Habitat: The American Mink resides in most of North America, from Alaska and Canada through the United States except for Arizona, along the Arctic coast, and on some offshore islands. It moves easily between land and water, therefore chooses to live in woodsy areas near steams, ponds, or lakes and creates a burrow in the banks. It will also live in brushy cover or rock crevices.
Food: American Mink are carnivores whose diet changes with the seasons. During summer, they eat crayfish and small frogs as well as mammals including rabbits, mice and muskrats. They also eat fish, ducks and other water birds. In the winter, the eat mostly small mammals.
Behavior: The American Mink are mostly solitary animals. They mark their homes using a strong- smelling scent. They are skilled swimmers and climbers. When searching for food they can swim as deep as 100 feet underwater. They burrow in river, pond or lake banks and line the interior of their home with grass and leaves. They communicate by using sounds, visual signs and odors.
Life Cycle: The American Mink mate in the winter and have a gestation period that varies between 40 and 75 days. They give birth in April or May. The litters can be as few as one or as many as eight newborns that weigh less than half an ounce. They are weaned at six weeks but stay with their mother until fall so they can learn about staying safe and successfully catching prey.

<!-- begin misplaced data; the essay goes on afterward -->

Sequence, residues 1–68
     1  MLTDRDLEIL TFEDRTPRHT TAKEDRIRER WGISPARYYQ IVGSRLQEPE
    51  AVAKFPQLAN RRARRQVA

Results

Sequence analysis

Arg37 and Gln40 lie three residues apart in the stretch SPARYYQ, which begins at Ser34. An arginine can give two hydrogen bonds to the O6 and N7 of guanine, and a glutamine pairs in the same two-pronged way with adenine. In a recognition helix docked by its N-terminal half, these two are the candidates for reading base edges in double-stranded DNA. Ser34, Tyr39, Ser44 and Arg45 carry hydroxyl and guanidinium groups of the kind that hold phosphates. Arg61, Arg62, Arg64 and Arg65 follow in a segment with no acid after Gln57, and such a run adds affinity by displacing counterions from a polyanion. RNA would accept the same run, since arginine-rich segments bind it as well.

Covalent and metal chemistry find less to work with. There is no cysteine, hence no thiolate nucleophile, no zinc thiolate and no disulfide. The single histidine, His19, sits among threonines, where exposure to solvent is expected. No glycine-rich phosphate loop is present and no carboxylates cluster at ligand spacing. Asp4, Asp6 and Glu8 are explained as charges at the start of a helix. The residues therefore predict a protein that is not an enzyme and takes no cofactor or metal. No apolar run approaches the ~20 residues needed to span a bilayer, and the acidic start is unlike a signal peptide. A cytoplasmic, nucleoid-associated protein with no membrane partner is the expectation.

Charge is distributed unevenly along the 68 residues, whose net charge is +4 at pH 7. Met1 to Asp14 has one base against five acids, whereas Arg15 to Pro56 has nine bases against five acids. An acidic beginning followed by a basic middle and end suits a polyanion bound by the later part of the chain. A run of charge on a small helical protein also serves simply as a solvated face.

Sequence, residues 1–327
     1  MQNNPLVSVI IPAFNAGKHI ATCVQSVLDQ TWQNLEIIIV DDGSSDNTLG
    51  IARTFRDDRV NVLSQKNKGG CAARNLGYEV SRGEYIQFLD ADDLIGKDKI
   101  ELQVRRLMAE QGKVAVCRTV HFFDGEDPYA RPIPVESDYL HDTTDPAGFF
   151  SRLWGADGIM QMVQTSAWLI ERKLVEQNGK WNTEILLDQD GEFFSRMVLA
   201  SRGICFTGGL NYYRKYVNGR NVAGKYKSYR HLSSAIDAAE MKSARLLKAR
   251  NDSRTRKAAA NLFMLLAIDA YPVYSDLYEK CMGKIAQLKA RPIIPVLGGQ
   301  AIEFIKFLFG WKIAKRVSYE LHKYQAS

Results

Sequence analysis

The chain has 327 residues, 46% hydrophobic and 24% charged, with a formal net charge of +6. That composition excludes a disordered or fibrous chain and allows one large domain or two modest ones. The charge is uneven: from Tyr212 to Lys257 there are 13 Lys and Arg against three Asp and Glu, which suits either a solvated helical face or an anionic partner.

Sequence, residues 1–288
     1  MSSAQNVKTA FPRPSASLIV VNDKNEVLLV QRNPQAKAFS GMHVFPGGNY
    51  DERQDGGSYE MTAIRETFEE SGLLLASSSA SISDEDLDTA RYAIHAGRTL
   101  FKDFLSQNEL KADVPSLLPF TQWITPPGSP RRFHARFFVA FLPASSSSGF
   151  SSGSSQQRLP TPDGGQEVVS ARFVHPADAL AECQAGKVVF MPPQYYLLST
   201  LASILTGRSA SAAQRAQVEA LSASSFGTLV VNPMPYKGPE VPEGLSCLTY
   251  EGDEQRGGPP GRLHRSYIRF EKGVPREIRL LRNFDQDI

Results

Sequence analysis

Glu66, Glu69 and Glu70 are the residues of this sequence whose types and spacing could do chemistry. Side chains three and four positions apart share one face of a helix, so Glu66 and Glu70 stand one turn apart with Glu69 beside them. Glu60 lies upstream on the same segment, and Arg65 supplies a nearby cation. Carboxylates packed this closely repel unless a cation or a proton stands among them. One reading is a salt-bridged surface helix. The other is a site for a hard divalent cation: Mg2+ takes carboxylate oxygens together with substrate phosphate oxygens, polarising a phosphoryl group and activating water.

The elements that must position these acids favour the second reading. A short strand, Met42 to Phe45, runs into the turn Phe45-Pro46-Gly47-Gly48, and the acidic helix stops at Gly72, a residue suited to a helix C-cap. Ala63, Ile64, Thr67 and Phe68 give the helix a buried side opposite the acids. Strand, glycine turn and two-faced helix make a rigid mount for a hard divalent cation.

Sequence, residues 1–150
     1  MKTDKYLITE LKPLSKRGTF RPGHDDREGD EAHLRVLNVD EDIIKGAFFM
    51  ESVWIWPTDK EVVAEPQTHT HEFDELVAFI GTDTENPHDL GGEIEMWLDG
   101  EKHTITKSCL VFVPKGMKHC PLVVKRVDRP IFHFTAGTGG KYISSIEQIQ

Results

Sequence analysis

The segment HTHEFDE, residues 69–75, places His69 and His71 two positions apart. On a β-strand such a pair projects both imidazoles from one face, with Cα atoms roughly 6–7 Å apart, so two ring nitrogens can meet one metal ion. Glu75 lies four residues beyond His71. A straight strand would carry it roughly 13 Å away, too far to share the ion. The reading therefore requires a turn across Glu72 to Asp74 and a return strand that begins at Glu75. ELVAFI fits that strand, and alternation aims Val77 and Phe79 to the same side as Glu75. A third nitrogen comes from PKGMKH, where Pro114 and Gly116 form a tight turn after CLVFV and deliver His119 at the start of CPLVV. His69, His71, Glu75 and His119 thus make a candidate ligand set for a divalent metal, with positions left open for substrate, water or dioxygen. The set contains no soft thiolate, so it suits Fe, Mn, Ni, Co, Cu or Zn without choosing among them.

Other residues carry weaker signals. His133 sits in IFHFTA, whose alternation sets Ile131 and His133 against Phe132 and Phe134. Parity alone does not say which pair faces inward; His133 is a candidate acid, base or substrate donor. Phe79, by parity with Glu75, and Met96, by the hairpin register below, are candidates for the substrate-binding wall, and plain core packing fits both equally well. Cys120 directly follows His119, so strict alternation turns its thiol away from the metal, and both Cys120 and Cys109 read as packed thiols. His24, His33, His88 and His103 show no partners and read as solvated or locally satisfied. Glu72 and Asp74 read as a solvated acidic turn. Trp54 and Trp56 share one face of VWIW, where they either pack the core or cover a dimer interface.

Conservation: The American Mink population is stable, although habitat loss is a significant threat. They depend on wetland areas that are threatened by improper disposal of chemicals.
- The American mink continues to be exploited for its beautiful and soft fur. Most states and all of Canada have trapping seasons. However, there are wildlife sanctuaries that provide a healthy habitat and protect them from recreational and commercial trapping.
- The American Mink can kill snakes but won’t eat them.
- The American Mink has a life span of about 10 years.
- Adult male bodies grow to 13-18 inches. Their tails are between 6-10 inches
- Adult female bodies grow to 12-15 inches. Their tails are between 6-8 inches.
The Humane Society Wildlife Land Trust.
National Agricultural Statistics Service: Mink
Oct. 14, 1999 at http://usda.mannlib.cornell.edu/reports/nassr/other/zmi-bb/mink0799.txt
American Mink on The IUCN Red List site – http://www.iucnredlist.org/details/41661/0
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